Q 13 | Page 274

A cubical block of ice floating in water has to support a metal piece weighing 0.5 kg. Water can be the minimum edge of the block so that it does not sink in water? Specific gravity of ice = 0.9.

Q 14 | Page 274

A cube of ice floats partly in water and partly in K.oil (in the following figure). Find the ratio of the volume of ice immersed in water to that in K.oil. Specific gravity of K.oil is 0.8 and that of ice is 0.9.

Q 15 | Page 274

A cubical box is to be constructed with iron sheets 1 mm in thickness. What can be the minimum value of the external edge so that the cube does not sink in water? Density of iron = 8000 kg/m3 and density of water = 1000 kg/m3.

Q 16 | Page 274

A cubical block of wood weighing 200 g has a lead piece fastened underneath. Find the mass of the lead piece which will just allow the block to float in water. Specific gravity of wood is 0.8 and that of lead is 11.3.

Q 17 | Page 274

Solve the previous problem if the lead piece is fastened on the top surface of the block and the block is to float with its upper surface just dipping into water.

Q 18 | Page 274

A cubical metal block of edge 12 cm floats in mercury with one fifth of the height inside the mercury. Water in it. Find the height of the water column to be poured.
Specific gravity of mercury = 13.6.

Q 19 | Page 274

A hollow spherical body of inner and outer radii 6 cm and 8 cm respectively floats half-submerged in water. Find the density of the material of the sphere.

Q 20 | Page 274

A solid sphere of radius 5 cm floats in water. If a maximum load of 0.1 kg can be put on it without wetting the load, find the specific gravity of the material of the sphere.

Q 21 | Page 274

Find the ratio of the weights, as measured by a spring balance, of a 1 kg block of iron and a 1 kg block of wood. Density of iron = 7800 kg/m3, density of wood = 800 kg/m3and density of air = 1.293 kg/m3

Q 22 | Page 274

A cylindrical object of outer diameter 20 cm and mass 2 kg floats in water with its axis vertical. If it is slightly depressed and then released, find the time period of the resulting simple harmonic motion of the object.

Q 23 | Page 274

A cylindrical object of outer diameter 10 cm, height 20 cm and density 8000 kg/m3 is supported by a vertical spring and is half dipped in water as shown in figure. (a) Find the elongation of the spring in equilibrium condition. (b) If the object is slightly depressed and released, find the time period of resulting oscillations of the object. The spring constant = 500 N/m.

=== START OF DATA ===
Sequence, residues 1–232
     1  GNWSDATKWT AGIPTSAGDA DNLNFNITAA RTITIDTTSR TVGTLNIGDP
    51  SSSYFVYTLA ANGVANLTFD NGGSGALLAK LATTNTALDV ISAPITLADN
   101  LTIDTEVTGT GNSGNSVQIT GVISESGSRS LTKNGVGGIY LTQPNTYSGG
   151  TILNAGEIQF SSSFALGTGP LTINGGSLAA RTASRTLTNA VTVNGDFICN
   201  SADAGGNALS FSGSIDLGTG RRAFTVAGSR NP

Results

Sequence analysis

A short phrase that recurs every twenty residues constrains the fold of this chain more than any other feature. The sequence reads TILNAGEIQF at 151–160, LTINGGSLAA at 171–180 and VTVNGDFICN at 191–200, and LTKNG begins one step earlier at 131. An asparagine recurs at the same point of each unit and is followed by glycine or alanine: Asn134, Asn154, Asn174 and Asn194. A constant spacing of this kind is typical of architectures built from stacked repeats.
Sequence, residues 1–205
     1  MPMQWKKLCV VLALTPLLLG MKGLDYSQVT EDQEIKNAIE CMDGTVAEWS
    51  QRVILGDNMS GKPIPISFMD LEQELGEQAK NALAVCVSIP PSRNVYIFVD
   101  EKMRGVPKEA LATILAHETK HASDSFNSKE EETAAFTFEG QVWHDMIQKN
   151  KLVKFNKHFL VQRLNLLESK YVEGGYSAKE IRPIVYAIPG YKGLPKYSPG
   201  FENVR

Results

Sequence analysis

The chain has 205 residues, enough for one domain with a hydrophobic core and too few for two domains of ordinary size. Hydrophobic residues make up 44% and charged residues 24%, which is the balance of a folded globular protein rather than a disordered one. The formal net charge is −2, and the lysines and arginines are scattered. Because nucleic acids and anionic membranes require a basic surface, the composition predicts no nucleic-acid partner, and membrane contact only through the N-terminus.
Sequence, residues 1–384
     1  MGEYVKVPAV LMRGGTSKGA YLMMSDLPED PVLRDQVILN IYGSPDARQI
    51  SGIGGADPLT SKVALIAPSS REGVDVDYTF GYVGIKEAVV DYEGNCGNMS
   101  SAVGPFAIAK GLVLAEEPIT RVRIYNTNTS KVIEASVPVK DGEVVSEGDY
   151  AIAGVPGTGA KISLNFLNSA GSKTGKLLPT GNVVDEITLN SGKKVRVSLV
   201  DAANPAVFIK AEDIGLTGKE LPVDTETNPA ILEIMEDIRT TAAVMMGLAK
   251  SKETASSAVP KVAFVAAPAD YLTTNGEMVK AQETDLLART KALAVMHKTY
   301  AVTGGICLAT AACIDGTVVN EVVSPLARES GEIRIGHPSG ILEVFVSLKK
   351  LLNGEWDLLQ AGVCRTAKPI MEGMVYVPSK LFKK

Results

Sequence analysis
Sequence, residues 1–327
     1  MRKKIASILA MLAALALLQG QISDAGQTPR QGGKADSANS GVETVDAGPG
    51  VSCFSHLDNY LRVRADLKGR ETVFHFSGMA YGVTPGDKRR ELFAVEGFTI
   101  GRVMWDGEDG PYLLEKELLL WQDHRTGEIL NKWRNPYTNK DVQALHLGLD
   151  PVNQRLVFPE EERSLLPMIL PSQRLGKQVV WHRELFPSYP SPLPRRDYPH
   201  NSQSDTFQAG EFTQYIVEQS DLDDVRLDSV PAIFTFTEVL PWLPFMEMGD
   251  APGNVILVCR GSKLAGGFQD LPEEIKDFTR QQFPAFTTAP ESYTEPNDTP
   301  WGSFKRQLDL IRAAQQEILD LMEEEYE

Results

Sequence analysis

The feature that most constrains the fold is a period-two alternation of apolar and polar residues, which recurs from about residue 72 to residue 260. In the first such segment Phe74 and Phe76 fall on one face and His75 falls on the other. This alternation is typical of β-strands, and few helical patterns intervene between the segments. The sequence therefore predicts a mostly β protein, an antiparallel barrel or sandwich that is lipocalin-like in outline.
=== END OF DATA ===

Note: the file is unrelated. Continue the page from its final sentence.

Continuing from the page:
Q 24.1 | Page 275

A wooden block of mass 0.5 kg and density 800 kg/m3 is fastened to the free end of a vertical spring of spring constant 50 N/m fixed at the bottom. If the entire system is completely immersed in water, find the elongation (or compression) of the spring in equilibrium .

Q 24.2 | Page 275

A wooden block of mass 0.5 kg and density 800 kg/m3 is fastened to the free end of a vertical spring of spring constant 50 N/m1 fixed at the bottom. If the entire system is completely immersed in water, find the time-period of vertical oscillations of the block when it is slightly depressed and released.

Q 25 | Page 275

A cube of ice of edge 4 cm is placed in an empty cylindrical glass of inner diameter 6 cm. Assume that the ice melts uniformly from each side so that it always retains its cubical shape. Remembering that ice is lighter than water, find the length of the edge of the ice cube at the instant it just leaves contact with the bottom of the glass.

Q 26 | Page 275

A U-tube containing a liquid is accelerated horizontally with a constant acceleration a0. If the separation between the vertical limbs is l, find the difference in the heights of the liquid in the two arms.

Q 27 | Page 275

At Deoprayag (Garwal, UP) river Alaknande mixes with the river Bhagirathi and becomes river Ganga. Suppose Alaknanda has a width of 12 m, Bhagirathi has a width of 8 m and Ganga has a width of 16 m. Assume that the depth of water is same in the three rivers, Let the average speed of water in Alaknanda be 20 km/h and in Bhagirathi be 16 km/h. Find the average speed of water in the river Ganga.

Q 28 | Page 275